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The general equation of a conic is $A x^2 + B x y + C y^2 + D x + E y + F = 0$. At Wikipedia, there is an equation for the eccentricity, based on ABCDEF.

Is there a similar equation for getting the foci or directrix for a general ellipse, parabola, hyperbola from ABCDEF? Please assume that a non-degenerate form of the equation is given.

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The appropriate setting for this is the complex projective plane. While declaring some symbols, I will talk a tiny bit about that, but do not mistake this as a proper introduction to the subject.

In the projective plane, we use triples $(X:Y:Z)$ of homogenous coordinates for points, not all equal to zero. Two such triples are considered equal if one is a scalar multiple of the other. Affine points $(x,y)$ are embedded as $(x:y:1)$. The equation for the conic in homogenous coordinates is then $$\begin{pmatrix}X\\Y\\Z\end{pmatrix}^\top \underbrace{ \begin{pmatrix}2A & B & D\\B & 2C & E\\D & E & 2F\end{pmatrix} }_M \begin{pmatrix}X\\Y\\Z\end{pmatrix} = 0\tag{1}$$ with the matrix $M$ being regular for a non-degenerate conic.

We also use triples $[U:V:W]$ to represent lines, with a point $(X:Y:Z)$ being on a line $[U:V:W]$ if $UX+VY+WZ = 0$. The equation for the tangents to the conic then takes the form $$\begin{pmatrix}U\\V\\W\end{pmatrix}^\top \underbrace{ \begin{pmatrix}2G & H & R\\H & 2K & S\\R & S & 2T\end{pmatrix} }_{L} \begin{pmatrix}U\\V\\W\end{pmatrix} = 0\tag{2}$$ where $L$ is the matrix inverse of $M$, multiplied with an arbitrary nonzero scalar. Therefore, when given $M$, we can compute a suitable $L$, and if we set $L$ to the adjugate matrix of $M$, we do not even need to carry out divisions for that.

Much useful information about the conic is easier to find in $L$ than in $M$. Examples:

  • The sign of $T$, compared with the sign of $\det L$, discriminates between ellipse, parabola, and hyperbola.
  • The projective point $(R:S:2T)$ (third row of $L$) is the (symmetry) center of the conic; if $T=0$, which signifies a parabola, $(R:S)$ indicates the direction of its symmetry axis.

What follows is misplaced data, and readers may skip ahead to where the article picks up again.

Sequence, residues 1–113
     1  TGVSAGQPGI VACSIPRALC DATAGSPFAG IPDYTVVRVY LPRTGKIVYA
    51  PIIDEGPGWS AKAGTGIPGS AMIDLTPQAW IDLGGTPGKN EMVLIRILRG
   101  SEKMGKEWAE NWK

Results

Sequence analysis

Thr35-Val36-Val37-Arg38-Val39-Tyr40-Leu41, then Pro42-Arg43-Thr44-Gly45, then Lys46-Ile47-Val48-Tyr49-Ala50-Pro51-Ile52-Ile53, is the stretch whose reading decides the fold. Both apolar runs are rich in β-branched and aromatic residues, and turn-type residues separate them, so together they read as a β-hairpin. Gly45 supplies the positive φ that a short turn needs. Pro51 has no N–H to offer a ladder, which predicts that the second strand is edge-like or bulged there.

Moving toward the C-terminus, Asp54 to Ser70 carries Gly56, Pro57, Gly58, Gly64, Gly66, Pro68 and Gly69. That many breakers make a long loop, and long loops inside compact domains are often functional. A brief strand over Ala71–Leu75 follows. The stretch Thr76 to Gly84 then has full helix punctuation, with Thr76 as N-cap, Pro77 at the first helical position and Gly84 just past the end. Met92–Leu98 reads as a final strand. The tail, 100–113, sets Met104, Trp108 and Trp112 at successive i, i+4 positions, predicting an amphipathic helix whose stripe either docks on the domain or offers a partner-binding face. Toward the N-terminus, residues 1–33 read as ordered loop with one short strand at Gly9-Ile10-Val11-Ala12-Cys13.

By the way, we can interpret $M$ as a linear map from projective points to projective lines. The linear map represented by $L$ does the reverse. Every point and line thus related form a (pole,polar) pair with respect to the given conic. I will use the linear map feature later. Let me just mention here that the conic equations $(1)$ and $(2)$ can be interpreted as stating that the conic consists of those points that lie on their polars, and in that case the polars are tangents to the conic.

Finally, complex coordinates. We need those for the following:

Proposition 1: Let $F = (x_F:y_F:1)$ be a real finite focus of a non-degenerate conic section with real coefficients. Let $z_F = x_F + \mathrm{i}y_F$ where $\mathrm{i}$ is the imaginary unit. Then the conic has the complex tangent $$q_F = [1:\mathrm{i}:-z_F]\tag{3}$$ In other words, $(2)$ is fulfilled for $[U:V:W] = [1:\mathrm{i}:-z_F]$. The proof is an algebraic exercise left to those readers who can express the entries of the matrix $L$ in terms of focus, directrix, and excentricity from first principles. An expression for the elliptic case is given in another answer.

Note that the line $q_F$ passes through $F$: Just do the dot product to see that. You might take that as a hint at the reason why we need complex numbers here: There are no real tangents to a conic that pass through a focus or through any other interior point.

To apply proposition 1, we plug $[U:V:W] = [1:\mathrm{i}:-z_F]$ into $(2)$. This yields the following equation for $z_F$, with complex coefficients:

$$T\,z_F^2 - (R + \mathrm{i} S)\,z_F + (G - K + \mathrm{i} H) = 0\tag{4}$$

If $T=0$ (parabola), then $(4)$ has a unique solution for $z_F$, giving the finite focus of the parabola. If $T\neq 0$, then $(4)$ is a quadratic equation for $z_F$ whose solutions give both foci. In the case of a circle, both foci coincede.

So basically one just has to memorize "tangent $[1:\mathrm{i}:-z_F]$" in order to deduce equation $(4)$ for the foci.

Now, how to get the directrix associated with the focus $F$?

Proposition 2: The directrix is the polar of the focus.

Therefore, if the directrix is to be presented as a triple $d_F = [U_d:V_d:W_d]$ and the focus is given as $F = (x_F:y_F:1)$, then one just has to compute $$d_F = M\cdot F\tag{5}$$ The proof of that is again left as algebraic exercise. Use the directrix-based formulation of the conic equation to express $M$ suitably.

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You'll first want to check either the discriminant or the eccentricity of your conic before proceeding to use any expression(s) for the foci; the central conics have two foci while the parabola only has one.

For the central conics, it is known that the two foci are at a distance $a\epsilon$ from the center, where $\epsilon$ is the eccentricity and $a$ is the semimajor axis for an ellipse, and the semitransverse axis for a hyperbola.

To simplify things, you'd first want to perform a translation on your central conic, such that the conic's center is now at the origin, and the standard equation becomes

$$\alpha x^2+\beta xy+\gamma y^2=1$$

with that, you can use the formula

$$a=\sqrt{\frac2{\alpha+\gamma+\mathrm{sgn}(\alpha-\gamma)\sqrt{\alpha^2+\beta^2+\gamma^2-2\alpha\gamma}}}$$

along with the eccentricity formula (like the one here) and the formula for the slope of the major/transverse axis to figure out the coordinates of your foci.

The parabolic case is a bit tricky, and I'll leave that to another answerer.

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